April 5 (Reuters) - Madison Keys overcame some uncharacteristically poor serving and elevated her game late on to edge fellow American Sloane Stephens 7-6(6) 4-6 6-2 and advance to the semi-finals of the Charleston Open on Friday.
Both players struggled with their serves in a match that included 13 breaks but it was Keys who was able to cut down on the errors and step up the intensity in the third set, which she won when Stephens sent a backhand long.
The match on the green clay also featured a seesaw first set tie-breaker in which Keys jumped out to a 4-0 lead before Stephens stormed back with six straight points.
Stephens failed to convert either of the two set points she had on her serve and Keys unleashed a blistering cross court forehand winner to capture the hour-long first set.
“It’s always tough to play a friend and it kind of shows at times like that,” Keys said of the wild first set tie-breaker.
“It was up and it was down and it was just kind of crazy.”
The win was a first for Keys over Stephens, who came out on top in their semi-final match up at last year’s French Open and in the 2017 U.S. Open final.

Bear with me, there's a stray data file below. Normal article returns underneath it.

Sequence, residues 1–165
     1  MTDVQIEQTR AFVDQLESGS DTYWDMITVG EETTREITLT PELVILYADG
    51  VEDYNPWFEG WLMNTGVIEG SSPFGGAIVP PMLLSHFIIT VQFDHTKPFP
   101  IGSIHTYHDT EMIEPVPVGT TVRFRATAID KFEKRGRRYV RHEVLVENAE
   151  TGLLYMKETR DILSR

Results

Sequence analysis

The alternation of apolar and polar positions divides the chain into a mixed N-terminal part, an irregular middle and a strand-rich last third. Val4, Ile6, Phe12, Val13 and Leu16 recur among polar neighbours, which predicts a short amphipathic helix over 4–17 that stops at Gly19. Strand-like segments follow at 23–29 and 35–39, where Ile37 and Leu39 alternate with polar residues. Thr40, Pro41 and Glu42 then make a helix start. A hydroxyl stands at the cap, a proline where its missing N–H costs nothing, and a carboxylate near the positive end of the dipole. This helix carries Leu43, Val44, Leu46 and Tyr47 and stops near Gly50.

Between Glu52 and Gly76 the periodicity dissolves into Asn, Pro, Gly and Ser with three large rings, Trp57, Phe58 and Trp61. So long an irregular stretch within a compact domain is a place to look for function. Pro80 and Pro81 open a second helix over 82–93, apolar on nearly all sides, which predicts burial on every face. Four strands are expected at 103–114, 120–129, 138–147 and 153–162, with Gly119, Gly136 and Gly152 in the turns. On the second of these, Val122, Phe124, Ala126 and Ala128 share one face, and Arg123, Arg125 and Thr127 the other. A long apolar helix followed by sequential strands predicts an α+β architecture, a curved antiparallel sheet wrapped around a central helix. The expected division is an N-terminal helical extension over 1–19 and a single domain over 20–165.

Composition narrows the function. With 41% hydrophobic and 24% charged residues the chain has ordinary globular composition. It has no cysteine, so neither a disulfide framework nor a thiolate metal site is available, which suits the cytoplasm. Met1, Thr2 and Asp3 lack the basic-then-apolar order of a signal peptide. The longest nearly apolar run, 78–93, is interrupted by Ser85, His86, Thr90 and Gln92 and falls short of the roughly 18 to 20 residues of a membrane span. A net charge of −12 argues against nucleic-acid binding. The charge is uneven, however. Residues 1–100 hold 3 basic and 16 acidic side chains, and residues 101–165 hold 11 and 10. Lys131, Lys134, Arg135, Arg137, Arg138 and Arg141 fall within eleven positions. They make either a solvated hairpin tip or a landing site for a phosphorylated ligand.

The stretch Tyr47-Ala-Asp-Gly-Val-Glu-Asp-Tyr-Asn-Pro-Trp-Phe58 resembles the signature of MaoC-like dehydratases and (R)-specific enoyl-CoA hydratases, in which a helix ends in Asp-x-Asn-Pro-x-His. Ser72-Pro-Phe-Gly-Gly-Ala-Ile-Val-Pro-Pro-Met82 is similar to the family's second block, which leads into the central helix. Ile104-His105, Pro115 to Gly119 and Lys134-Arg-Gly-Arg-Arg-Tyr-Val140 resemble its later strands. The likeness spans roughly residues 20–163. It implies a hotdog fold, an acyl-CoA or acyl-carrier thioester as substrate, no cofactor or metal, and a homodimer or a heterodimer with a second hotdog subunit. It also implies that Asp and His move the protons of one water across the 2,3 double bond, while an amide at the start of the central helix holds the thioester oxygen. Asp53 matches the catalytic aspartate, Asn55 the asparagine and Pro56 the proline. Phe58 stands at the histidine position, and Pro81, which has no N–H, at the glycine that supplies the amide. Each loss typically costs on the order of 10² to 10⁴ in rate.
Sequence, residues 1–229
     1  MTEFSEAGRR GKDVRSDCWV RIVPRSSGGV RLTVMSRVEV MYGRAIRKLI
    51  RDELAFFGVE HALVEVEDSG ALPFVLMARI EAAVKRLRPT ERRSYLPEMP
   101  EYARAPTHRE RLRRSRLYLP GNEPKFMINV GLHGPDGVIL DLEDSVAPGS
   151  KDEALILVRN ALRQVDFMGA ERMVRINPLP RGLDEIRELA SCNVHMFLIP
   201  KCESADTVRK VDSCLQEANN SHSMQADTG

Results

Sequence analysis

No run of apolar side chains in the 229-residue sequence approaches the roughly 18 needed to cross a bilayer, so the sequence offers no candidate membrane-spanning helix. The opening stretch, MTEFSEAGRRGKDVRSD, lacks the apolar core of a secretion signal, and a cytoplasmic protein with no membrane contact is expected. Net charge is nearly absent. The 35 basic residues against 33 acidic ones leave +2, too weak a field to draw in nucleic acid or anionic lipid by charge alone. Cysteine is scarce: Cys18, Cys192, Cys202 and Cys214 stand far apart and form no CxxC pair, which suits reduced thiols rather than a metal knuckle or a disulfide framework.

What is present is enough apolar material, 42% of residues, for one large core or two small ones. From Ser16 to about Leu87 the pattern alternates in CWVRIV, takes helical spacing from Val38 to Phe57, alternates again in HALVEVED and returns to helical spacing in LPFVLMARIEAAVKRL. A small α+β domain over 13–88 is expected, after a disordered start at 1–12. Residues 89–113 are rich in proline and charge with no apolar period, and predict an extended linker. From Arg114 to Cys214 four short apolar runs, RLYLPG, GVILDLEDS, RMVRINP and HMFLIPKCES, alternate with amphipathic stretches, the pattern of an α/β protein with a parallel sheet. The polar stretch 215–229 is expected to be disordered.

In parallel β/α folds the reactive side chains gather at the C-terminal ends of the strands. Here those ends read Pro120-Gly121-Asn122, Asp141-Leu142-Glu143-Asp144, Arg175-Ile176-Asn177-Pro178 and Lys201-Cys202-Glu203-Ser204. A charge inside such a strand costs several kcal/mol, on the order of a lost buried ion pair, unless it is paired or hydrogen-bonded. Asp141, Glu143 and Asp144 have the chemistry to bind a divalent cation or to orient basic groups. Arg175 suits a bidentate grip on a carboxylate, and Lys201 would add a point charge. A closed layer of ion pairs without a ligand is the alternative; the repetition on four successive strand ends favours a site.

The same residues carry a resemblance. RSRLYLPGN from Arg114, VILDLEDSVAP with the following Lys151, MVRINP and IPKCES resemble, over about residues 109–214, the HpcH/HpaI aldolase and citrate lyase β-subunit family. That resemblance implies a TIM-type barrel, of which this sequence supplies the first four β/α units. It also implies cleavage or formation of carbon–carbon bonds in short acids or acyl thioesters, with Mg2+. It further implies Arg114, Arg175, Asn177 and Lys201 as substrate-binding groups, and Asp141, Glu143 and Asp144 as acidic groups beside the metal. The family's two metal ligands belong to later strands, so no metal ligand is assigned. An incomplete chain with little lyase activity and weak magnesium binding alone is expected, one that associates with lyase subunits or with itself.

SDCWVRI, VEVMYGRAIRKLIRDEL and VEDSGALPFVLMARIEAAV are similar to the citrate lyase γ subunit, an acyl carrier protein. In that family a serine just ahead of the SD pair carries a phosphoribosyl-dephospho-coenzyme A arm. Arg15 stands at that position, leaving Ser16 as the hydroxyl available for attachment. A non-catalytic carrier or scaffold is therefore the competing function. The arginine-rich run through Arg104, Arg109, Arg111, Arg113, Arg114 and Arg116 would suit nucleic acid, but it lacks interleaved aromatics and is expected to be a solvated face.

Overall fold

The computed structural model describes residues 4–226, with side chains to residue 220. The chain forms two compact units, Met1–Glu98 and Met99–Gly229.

Next up for Keys is either Puerto Rican Monica Puig or American Danielle Collins, who meet in final quarter-final.
Former world number one Caroline Wozniacki looked like she had fully recovered from the illness that sidelined her for two months earlier this year, playing nearly perfect tennis to down Maria Sakkari 6-2 6-2.
Wozniacki, the 2011 champion in Charleston, smacked 15 winners to just eight unforced errors and looked particularly sharp returning serve, where she moved briskly and attacked Sakkari’s second serves.
The only hiccup came in the match’s 16-minute final game, where Wozniacki needed five match points before she was able to break the young Greek’s service again to win the tie.
The fifth-seeded Dane will be a heavy favourite in her semi-final showdown on Saturday against Petra Martic, who upset Belinda Bencic 6-3 6-4 in the morning match.
Wozniacki has never dropped a set to the Croatian in five career meetings. (Reporting by Rory Carroll, editing by Nick Mulvenney)